How To Make A Beautiful Scrap Necklace

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When you spend some time crafting, as I do, you wind up with a lot of “scrap” material. If you’re familiar with crocheting, you might have stumbled across the term “Scrapghan,” which is an afghan blanket made of yarn scraps. Today, I’m going to show you how you can make a scrap necklace! This project is like a scrapghan, only for necklaces.

The beauty of a scrap necklace is it can either be symmetrical (as mine below is), or you can go completely asymmetrical and string together a necklace that doesn’t play by any “matching” rules. I decided to go with a predominately pink and green theme because those are fantastic colors (remember Sailor Jupiter from Sailor Moon? Freaking amazing!). I did accent these colors with black beads, though.

A bowl or plate can be useful for containing all your beads!
I like to use just a plain ol’ salad plate to contain my beads!

This necklace is a simple single strand tutorial, but if you want to jazz it up, I suggest adding extra strands in for a bit more depth and texture. I chose instead to have a few different styles of beads do all the talking for my single-stranded necklace.

What You Will Need:

Some simple jewelry wire or stretchy cord can work find for this project!
I had some crystal string in an old bead kit that I decided to use up for this project, but any jewelry stringing wire will work!
  • An assortment of beads (I had a variety of different sizes and shapes)
  • Jewelry wire (0.6mm of any type of jewelry wire is good)
  • Split rings (to attach the closure on)
  • Crimp tubes
  • A closure (I chose a lobster clasp, but any will do)
  • Round nose pliers
  • Wire snipping tool
  • Crimping tool (Read more about pliers here)
Some antique looking silver crimp tubes are just what I needed for this scrap necklace!
I chose some antique silver crimp tubes for my scrap necklace!

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Crimping Your Jewelry Wire

I started by crimping off one side of my jewelry wire. I begin by placing a crimp tube on the string near one end, leaving about an inch or so of a “tail.”

Then you take that “tail” back through the tube (creating a loop that you can then connect to other things) and crimp it closed, leaving a loop that will be large enough to connect with your split rings. 

With a crimp tool, you’ll notice that there are two shapes it forms when closed. Start by lining up the tube with the crescent moon shaped portion and squeezing the tool shut. This will pull the tube over the wire once.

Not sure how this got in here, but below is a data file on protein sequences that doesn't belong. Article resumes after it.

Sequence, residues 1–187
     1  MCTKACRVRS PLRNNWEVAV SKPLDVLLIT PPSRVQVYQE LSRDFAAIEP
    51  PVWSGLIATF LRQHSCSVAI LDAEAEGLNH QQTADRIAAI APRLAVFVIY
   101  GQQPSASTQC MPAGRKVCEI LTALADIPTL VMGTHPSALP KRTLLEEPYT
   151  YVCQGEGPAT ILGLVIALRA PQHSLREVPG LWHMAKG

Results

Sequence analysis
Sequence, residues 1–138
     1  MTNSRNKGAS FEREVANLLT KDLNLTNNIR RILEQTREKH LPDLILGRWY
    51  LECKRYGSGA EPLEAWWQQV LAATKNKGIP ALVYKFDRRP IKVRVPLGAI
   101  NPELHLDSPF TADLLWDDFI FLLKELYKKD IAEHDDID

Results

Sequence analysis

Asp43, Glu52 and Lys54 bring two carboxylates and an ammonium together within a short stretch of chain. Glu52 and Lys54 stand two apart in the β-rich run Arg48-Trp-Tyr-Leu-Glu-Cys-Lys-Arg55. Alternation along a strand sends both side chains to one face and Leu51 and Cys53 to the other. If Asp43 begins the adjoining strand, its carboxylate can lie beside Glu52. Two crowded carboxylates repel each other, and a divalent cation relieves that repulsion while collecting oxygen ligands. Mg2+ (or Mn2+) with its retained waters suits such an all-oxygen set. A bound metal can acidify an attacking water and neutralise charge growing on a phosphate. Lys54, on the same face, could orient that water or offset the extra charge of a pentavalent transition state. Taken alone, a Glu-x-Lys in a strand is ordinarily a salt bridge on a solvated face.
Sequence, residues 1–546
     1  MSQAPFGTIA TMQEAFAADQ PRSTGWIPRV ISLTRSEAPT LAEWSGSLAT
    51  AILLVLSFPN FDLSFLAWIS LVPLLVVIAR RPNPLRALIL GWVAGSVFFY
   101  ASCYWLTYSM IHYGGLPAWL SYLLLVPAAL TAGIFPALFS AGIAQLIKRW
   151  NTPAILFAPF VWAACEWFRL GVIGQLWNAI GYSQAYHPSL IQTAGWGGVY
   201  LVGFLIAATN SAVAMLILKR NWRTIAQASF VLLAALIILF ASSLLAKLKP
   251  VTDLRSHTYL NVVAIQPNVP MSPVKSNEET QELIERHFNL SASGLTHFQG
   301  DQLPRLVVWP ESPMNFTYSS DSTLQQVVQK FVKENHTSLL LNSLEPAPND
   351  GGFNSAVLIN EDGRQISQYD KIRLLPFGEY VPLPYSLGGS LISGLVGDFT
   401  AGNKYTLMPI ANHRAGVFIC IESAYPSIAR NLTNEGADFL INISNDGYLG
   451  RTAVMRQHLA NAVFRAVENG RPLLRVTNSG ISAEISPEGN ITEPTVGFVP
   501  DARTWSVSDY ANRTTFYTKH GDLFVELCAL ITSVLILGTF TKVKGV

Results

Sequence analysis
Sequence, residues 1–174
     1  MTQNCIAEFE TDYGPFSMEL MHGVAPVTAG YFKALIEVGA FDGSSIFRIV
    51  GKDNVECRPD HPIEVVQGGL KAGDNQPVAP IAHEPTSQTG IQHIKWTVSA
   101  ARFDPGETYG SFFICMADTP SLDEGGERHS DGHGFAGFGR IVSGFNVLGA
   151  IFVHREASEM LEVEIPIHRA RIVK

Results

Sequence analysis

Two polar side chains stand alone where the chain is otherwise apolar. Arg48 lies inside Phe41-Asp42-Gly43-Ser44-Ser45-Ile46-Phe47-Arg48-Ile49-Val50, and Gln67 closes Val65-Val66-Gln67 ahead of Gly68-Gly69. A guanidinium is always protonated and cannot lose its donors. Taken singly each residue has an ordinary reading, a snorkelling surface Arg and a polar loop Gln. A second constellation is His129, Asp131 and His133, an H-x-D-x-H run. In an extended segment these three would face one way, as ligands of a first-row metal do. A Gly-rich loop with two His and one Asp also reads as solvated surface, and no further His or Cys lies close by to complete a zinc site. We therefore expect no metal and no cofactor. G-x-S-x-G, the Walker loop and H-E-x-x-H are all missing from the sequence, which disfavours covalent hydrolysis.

Next, move the tube up to the circular shape closer to the ends of the tool and close the tool over the tube once more. Your wire is now crimped shut on one side. You can either snip off the excess “tail” or thread it into the beads.

For a helpful video tutorial on how this works, check out Beadholique on Youtube.

Start Stringing Those Beads

Now you can string your beads along your wire without them sliding off the other end! Since we’re working on a scrap necklace, the pattern isn’t set in stone. I chose to work in symmetrical sections, so I did 20 tiny black beads, followed by a larger black and gold bead and then 10 green beads and so on.

I started stringing my beads with some tiny black ones, followed by some green ones!
I started with some tiny black beads, then moved into some green ones!

You can either follow this pattern or string whatever you think looks interesting in whatever order you like.

As you string along your beads, you'll see a lovely necklace starts to take shape!
As you can see, my scrap necklace started to take shape quite nicely!

When you’re finished with that strand, you just repeat the crimp process on the other side to secure your beads.

Attaching The Closure

Once you have your string (or multiple strings as the case may be), I would use a split ring on each side to connect your jewelry wire loops to your closure. I choose fairly big ones because I find them easier to hook into the lobster clasp, but it’s all up to you.

A lobster clasp makes for a perfect necklace closure!
I chose a lobster clasp in antique silver for my necklace closure!

Then you just connect your lobster clasp to one of your split rings and your necklace is complete!!

Final Thoughts On The Scrap Necklace

I love the fact that a scrap necklace can help clear out a bunch of old beads that you bought for other projects. It’s my new favorite upcycling project, and if you do a lot of beading as I do, you have tons of beads that are just sitting in your supply doing nothing. Scrap projects can help clear those lonely beads out.

Here is my finished scrap necklace project!!
Here is the finished necklace project!

Don’t be afraid to experiment a little bit with different textures and beads for this style of project. Pretty much anything goes, it comes down to what you like and what you think looks good. I chose to stick to a color theme, but it can be fun to experiment with a variety of color combinations and see what you create!

So that is all for this week my friends, I’d love to hear how your scrap project turned out, let me know in the comments down below, and I’d love it if you could share this post to your favorite social media platform and pin it to Pinterest.

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Next week, I’m going to be dabbling with some casting resin again, and I’m going to share with you some new ideas to try out if you’re interested. Until then, stay crafty my friends!

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